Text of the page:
Learn a language, but not a human one

Learn a language, but not a human one
The Tower of Babel (detail), Pieter Bruegel the Elder, 1563. (Via Wikipedia)

[Ed. – The author makes a valid point about the importance of learning a computer language. But why do a swap, as he suggests? Why can’t schools teach coding and foreign languages? Discuss amongst yourselves.]

Donald Trump, whose wife speaks five languages, just wrapped up a pair of trips to Europe during which he spoke only English. Good for him. If Mr. Trump studied a language in college or high school, as most of us were required to, it was a complete waste of his time. I took five years of French and can’t even talk to a French poodle.

Maybe there’s a better way for students to spend their time. Last month Apple CEO Tim Cook urged the president: “Coding should be a requirement in every public school.” I propose we do a swap.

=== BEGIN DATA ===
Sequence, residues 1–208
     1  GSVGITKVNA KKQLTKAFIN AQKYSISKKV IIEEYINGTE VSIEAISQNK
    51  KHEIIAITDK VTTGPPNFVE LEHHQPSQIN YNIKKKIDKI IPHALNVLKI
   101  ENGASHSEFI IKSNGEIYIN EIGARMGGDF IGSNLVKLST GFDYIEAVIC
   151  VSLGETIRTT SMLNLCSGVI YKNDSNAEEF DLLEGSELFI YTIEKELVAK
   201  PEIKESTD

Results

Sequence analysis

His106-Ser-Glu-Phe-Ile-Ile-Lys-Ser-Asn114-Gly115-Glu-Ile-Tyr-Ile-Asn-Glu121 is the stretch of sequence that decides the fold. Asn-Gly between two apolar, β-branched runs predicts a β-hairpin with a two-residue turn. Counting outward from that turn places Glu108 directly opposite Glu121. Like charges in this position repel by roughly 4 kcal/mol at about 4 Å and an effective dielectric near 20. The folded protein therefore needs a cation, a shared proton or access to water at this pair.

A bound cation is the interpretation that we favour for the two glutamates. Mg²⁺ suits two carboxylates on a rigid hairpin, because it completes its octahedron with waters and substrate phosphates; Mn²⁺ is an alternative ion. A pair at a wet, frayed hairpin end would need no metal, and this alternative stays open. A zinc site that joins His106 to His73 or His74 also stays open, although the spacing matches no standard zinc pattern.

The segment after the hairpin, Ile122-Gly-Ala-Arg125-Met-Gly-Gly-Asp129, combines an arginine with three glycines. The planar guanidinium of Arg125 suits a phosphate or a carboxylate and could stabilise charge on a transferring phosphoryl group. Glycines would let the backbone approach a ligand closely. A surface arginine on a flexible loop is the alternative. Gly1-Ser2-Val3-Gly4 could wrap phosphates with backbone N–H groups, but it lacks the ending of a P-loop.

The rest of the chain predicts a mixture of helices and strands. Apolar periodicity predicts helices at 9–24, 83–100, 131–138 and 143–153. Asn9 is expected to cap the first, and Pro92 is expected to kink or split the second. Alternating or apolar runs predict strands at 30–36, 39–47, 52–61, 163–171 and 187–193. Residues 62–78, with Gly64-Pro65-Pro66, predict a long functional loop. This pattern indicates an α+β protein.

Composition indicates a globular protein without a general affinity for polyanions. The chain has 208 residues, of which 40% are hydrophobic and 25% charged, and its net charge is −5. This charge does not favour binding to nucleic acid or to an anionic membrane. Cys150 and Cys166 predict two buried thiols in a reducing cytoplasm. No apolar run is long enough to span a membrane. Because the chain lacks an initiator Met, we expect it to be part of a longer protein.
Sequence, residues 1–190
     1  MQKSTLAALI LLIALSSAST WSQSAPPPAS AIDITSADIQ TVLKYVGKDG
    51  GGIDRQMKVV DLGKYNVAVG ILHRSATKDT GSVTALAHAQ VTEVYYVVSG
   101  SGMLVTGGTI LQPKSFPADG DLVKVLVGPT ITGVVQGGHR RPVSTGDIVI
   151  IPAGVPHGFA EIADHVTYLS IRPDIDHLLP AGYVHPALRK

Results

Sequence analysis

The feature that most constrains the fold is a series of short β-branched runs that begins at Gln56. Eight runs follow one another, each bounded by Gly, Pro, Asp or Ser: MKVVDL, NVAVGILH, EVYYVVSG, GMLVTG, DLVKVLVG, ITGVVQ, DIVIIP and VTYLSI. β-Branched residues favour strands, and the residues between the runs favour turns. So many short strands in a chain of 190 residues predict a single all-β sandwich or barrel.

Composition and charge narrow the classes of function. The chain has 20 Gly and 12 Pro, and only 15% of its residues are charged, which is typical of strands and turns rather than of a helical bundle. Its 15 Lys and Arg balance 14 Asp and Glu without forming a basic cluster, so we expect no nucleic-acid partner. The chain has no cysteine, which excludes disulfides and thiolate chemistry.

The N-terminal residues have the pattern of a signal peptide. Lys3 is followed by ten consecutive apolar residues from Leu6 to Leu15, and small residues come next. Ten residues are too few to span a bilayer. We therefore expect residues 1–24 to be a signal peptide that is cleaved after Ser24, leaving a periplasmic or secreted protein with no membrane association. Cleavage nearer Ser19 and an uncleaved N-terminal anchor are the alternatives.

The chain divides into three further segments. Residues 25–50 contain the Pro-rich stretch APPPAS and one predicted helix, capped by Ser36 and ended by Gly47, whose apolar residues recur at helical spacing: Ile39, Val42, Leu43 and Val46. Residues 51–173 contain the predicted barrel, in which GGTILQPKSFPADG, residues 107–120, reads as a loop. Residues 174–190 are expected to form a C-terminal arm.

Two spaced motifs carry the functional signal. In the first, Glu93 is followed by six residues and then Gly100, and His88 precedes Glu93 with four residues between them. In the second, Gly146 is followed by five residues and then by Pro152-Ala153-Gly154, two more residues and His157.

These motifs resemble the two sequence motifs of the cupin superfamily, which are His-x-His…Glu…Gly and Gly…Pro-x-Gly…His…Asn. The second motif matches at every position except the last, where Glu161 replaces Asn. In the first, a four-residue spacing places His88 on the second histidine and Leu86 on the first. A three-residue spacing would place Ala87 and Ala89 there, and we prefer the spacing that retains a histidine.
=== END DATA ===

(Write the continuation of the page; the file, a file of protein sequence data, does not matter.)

Why do American schools still require foreign languages? Translating at the United Nations is not a growth industry. In the 1960s and ’70s everyone suggested studying German, as most scientific papers were in that language. Or at least that’s what they told me. In the ’80s it was Japanese, since they ruled manufacturing and would soon rule computers. In the ’90s a fountain of wealth was supposed to spout from post-Communist Moscow, so we all needed to learn Russian. Now parents elbow each other getting their children into immersive Mandarin programs starting in kindergarten.

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